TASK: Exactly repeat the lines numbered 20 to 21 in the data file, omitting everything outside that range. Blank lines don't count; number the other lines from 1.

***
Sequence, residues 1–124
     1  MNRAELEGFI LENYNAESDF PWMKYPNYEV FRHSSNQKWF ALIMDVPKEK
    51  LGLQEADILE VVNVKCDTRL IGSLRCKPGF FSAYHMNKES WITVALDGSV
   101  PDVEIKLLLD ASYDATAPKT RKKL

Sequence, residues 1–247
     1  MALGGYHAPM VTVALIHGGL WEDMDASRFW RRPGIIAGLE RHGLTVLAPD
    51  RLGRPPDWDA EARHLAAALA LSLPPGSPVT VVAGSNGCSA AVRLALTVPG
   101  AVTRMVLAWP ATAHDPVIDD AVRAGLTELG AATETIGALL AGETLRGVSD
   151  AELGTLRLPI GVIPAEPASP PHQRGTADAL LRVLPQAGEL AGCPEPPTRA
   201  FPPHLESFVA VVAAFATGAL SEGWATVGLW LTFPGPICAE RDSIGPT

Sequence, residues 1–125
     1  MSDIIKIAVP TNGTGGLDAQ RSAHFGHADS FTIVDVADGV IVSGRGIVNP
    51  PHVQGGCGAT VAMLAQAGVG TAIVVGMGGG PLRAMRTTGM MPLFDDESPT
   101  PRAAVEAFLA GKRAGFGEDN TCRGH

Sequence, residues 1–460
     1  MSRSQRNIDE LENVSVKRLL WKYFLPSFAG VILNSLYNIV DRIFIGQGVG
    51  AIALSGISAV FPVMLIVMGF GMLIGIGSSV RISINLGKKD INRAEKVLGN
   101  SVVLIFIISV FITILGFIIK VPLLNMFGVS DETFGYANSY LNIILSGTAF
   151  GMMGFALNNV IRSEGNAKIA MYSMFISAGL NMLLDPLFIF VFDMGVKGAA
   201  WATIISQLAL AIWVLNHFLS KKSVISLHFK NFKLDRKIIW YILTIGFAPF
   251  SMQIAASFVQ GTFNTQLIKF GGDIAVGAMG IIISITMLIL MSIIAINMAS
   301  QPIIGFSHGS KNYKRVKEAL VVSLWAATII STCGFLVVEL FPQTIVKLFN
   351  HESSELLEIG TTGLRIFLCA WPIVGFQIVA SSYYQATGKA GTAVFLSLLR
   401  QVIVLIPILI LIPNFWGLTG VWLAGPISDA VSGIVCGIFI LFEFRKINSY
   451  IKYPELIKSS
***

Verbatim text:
   201  WATIISQLAL AIWVLNHFLS KKSVISLHFK NFKLDRKIIW YILTIGFAPF
   251  SMQIAASFVQ GTFNTQLIKF GGDIAVGAMG IIISITMLIL MSIIAINMAS